Monday, May 09, 2005

Twins Falter, But Don't Worry Too Much

I'm going to cover a few topics tonight.

Tonight's Game
Daniel Cabrera is going to be a good pitcher, I don't doubt it. With an intimidating 6'7" frame and the ability to hurl a fastball with movement at 100 mph, the guy undeniably has what it takes. But is he really as good right now as the Twins made him look tonight in their 3-0 loss to Baltimore? I don't think so.

The problem was mainly bad pitch selection. I couldn't count how many batters I saw take a fastball right down the middle and then proceed to swing at something way out of the strike zone at least once in the same at-bat. Terry Tiffee went 0/3 with three strikeouts. Nick Punto and Joe Mauer both went 0/4 with two strikeouts apiece. Jacque Jones, whose hot start excited many a Twins fan, went 0/3 and has seen his impressive batting average drop steadily as of late. Just a couple weeks ago he was contending for the top spot on the AL leaderboard for batting average and now he's down to 11th.

Give some credit to Carlos Silva for only allowing 3 runs over 7 innings to the league's best offense despite the fact that he didn't pitch particularly well. He got more outs by fly balls than by grounders, which is usually a sign that his pitches aren't doing what he wants them to.

I really think the Orioles have a great team this year. If their starting pitching can hold up, they really could hold on and win that division, which would be an unthinkable upset. They have a phenomenal bullpen (there is no pitcher in the Majors that is more dominant against left-handed hitters than BJ Ryan), and Miguel Tejada really is something else. That said, I don't expect their starting pitching to continue to be great and I don't think anyone expects guys like Brian Roberts to continue at their pace; we also all know that the Yankees and Red Sox are going to get very hot and start gaining ground very quickly. Nonetheless, I think it would be great to see neither New York or Boston in the playoffs.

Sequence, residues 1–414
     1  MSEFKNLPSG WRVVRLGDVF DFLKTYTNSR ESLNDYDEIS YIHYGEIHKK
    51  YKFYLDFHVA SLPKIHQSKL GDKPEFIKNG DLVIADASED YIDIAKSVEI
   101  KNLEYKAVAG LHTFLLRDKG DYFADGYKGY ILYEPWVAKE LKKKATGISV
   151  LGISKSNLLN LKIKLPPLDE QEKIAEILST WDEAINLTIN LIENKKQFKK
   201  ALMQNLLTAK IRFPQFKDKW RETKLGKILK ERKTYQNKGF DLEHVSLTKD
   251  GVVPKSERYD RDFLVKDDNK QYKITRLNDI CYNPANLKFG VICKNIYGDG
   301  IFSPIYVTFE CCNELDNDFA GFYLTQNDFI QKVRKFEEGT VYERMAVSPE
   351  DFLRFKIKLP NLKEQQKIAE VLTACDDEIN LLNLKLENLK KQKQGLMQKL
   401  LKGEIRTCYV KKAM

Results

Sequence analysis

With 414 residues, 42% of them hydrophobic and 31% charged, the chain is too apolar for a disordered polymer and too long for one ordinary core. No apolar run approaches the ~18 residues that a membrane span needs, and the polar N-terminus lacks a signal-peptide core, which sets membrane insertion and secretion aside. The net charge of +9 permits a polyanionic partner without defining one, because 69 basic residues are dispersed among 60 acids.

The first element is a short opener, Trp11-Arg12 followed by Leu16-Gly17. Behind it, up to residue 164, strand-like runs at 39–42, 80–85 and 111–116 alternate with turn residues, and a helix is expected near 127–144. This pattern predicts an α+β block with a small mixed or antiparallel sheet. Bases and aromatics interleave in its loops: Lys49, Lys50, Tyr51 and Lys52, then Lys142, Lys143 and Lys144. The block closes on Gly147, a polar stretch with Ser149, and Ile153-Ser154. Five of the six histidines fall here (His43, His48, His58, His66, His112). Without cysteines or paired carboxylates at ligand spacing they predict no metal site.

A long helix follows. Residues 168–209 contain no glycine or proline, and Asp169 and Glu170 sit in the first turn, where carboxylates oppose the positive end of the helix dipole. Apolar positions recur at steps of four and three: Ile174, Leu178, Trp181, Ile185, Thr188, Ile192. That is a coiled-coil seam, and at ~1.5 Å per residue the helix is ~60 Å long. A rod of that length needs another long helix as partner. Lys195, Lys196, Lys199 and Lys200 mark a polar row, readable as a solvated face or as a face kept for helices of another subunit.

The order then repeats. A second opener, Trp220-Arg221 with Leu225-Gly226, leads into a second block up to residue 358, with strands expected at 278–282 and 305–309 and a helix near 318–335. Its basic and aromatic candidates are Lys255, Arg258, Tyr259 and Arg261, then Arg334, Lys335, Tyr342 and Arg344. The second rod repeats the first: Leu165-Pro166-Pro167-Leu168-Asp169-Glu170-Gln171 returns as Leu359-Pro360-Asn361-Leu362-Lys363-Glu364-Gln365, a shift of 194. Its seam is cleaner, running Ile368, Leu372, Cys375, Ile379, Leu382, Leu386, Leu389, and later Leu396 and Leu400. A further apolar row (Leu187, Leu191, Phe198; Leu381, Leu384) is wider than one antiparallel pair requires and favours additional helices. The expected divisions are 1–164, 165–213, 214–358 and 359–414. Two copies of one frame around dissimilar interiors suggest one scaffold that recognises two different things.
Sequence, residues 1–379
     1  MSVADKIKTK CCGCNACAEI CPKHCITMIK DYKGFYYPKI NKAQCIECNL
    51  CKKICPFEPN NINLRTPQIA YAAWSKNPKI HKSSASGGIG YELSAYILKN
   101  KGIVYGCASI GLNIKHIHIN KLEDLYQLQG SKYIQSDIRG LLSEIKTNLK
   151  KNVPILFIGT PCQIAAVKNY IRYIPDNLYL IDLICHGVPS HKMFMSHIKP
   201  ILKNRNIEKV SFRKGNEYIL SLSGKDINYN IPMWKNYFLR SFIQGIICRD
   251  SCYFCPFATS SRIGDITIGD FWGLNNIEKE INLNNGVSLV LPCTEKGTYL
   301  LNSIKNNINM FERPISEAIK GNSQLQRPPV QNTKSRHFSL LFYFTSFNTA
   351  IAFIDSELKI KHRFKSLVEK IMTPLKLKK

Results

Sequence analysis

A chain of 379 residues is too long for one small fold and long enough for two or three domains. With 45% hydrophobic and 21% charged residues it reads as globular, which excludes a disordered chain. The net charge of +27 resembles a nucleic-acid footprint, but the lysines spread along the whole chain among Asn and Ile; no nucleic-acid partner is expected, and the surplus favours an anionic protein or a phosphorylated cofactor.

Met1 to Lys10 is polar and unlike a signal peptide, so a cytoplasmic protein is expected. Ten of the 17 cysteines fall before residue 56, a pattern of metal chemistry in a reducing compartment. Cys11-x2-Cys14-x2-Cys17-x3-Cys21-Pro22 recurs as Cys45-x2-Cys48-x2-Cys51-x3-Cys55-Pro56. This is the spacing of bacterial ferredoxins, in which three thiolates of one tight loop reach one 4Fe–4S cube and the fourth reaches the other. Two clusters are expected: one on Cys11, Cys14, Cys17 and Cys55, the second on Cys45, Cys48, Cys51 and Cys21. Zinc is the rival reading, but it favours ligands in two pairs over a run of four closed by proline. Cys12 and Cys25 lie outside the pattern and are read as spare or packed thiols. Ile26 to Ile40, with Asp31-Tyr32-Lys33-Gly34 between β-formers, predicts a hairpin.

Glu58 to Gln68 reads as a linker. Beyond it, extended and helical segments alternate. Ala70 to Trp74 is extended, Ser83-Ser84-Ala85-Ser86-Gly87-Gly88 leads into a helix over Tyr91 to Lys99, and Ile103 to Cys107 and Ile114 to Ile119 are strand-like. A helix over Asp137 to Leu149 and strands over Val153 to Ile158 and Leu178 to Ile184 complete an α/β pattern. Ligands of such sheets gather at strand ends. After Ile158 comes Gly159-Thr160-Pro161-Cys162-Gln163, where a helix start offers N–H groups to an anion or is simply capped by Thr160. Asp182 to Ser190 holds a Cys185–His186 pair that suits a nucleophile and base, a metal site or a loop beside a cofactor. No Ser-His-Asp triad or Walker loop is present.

On the White Sox
The Sox are off to a tremendous start, and have been especially dominant as of late, today's loss to the Devil Rays not withstanding. But should we really be that impressed? I mean, okay, it's always impressive when a team posts a 24-8 record to start the season, but their competition has not exactly been daunting. I think it goes without saying that the AL Central outside of the Sox and Twins has been average at best so far, and 17 of the Sox 32 games so far have been against the Tigers, Royals, and Indians. The teams they have played outside of the division haven't been what I'd call elite either. Their recent sweep of the Blue Jays must be seen as impressive, but their play against the 14-18 Athletics and the 13-19 Mariners wasn't exactly stellar... they barely squeaked by the M's and lost their series to the A's.

The Twins' schedule has been somewhat tougher. After Wednesday, they will already series under their belt against the Angels and Orioles, the class of the West and East divisions. The White Sox have yet to face either of these teams. But take a look at their schedule after they leave Tampa Bay: 4 games against Baltimore, followed by 3 games against Texas, then 3 games at the Cubs, then 4 games at LA Anaheim, then 3 games at Texas, then 3 games against LA Anaheim. That is TWENTY straight games, ALL against teams that are better than any they have faced so far, save for perhaps the Twins. The Twins' schedule over that span is significantly easier. If the White Sox are still in first place by three or four games at the beginning of June, then you can count me as a believer.

Lineup Change?
I've come to realize that there is very little chance that Justin Morneau is going to be able to reach 100 RBI this year if the lineup stays the way it is now. Why? Pitchers are going to start to realize that there is simply no reason to pitch to him because he has NO protection in the lineup. Torii Hunter has been miserable recently, and as aforementioned, Jones isn't hitting the ball like he used to either. It is difficult to solve this problem without putting three consecutive lefties in the lineup (a definite no-no), but here is what I propose: Stewart, Jones, Ford, Morneau, Mauer, Hunter, Cuddyer, Punto, Bartlett. Granted, the bottom half of that lineup is filled with some palty averages, but the top 5 would produce some serious runs.